Infection control is an important part of daily veterinary life.
While caring for animals may be your number one priority, we’re sure ensuring your examination rooms, as well as your surgery and other working spaces are germ-free, isn’t too far behind.
Keeping surfaces and utensils sterile is a huge part of infection control, but did you know that how you wash your laundry, such as animal bedding, towels, and even, your uniforms is just as important?
Many vets may know this and may even think that they’re washing their laundry correctly, but in reality, they aren’t
In our experience, the main stumbling block preventing vets from successfully keeping bacteria at bay is their washing machine. These appliances play a really important role in helping vets control infection, but that’s only if they have the right type of washing machine installed in their practice.
Domestic washing machines can never do the job of a commercial washing machine
Commercial washing machines are specifically designed to kill germs and clean large loads, such as bulky, heavily-soiled bedding. While on the other hand, domestic washing machines are designed to deal with just that, domestic laundry.
However, despite this fact, many vets are guilty of using domestic machines to clean their commercial laundry. According to a survey carried out by Miele, 56% of vets believe their washing machines are effective at killing infectious diseases, but 46% of them admit to still using domestic appliances.
— Miele Professional (@MieleProf) July 27, 2018
Miele’s recent survey results speak volumes and is an important lesson for all veterinary practices. While domestic and commercial washing machines may look the same, they operate very differently. For instance, domestic appliances don’t wash at the temperatures that are capable of killing germs, however, commercial appliances are geared up to do just that.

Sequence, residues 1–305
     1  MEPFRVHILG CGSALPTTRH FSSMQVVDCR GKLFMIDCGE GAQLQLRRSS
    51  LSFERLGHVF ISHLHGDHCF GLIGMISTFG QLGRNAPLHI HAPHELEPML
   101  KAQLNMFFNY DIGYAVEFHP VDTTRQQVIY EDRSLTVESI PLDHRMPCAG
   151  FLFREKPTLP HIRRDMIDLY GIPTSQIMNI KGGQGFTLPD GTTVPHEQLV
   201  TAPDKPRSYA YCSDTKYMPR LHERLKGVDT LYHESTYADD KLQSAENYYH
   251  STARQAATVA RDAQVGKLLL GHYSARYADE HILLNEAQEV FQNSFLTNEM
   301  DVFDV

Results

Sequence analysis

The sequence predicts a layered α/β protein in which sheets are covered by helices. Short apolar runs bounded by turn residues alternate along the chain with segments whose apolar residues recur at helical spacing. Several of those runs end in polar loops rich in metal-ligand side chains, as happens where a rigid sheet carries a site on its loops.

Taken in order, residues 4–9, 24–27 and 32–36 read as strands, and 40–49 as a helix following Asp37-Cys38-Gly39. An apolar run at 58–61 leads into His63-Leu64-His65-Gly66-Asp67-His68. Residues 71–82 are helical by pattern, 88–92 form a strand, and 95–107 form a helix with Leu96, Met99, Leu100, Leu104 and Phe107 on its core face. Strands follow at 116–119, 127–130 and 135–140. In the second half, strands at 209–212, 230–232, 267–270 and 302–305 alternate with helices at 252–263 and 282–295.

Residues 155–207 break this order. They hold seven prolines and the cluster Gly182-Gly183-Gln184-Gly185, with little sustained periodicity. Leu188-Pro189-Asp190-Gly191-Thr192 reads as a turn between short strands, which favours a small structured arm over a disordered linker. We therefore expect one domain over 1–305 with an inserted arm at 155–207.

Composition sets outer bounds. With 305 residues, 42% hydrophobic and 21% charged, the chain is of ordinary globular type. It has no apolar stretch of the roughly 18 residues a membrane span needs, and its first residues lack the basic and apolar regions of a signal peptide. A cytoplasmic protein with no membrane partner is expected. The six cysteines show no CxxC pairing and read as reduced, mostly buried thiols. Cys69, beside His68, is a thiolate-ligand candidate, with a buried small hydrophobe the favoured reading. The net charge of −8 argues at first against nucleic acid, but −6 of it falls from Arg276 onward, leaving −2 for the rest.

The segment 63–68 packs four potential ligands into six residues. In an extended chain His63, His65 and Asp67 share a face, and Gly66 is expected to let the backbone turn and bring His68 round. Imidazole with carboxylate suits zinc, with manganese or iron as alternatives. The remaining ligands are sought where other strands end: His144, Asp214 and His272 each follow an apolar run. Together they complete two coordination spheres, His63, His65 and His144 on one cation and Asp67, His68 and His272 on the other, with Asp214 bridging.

Current health guidelines state that contaminated laundry needs to be washed at the following temperatures in order to meet thermal disinfection standards:
- 65°C for at least 10 minutes
- 71°C for at least 3 minutes
- 82°C for at least 1 minute
As well as operating at infection-busting temperatures, most commercial washing machines also have another germ-fighting string to their bow – a dump valve. These mechanisms make sure waste flows out of the machine and straight down (which is required by the Water Regulations Advisory Scheme). This, in turn, helps prevent animal hair and any other debris from clogging up the appliance and waste pipes which, if left to build up, can easily create germ-traps.
There’s much more to washing machines than meets the eye and this post only skims the surface of how your appliances can help you in your fight against infection control.
For further information or advice on choosing the right commercial washing machine for your practice, contact us on firstname.lastname@example.org or 0800 652 5692. In the meantime, for more insight on why commercial appliances are the way to go in beating bacteria check out, ‘Vets – why it’s time to rethink using domestic appliances in your practice.’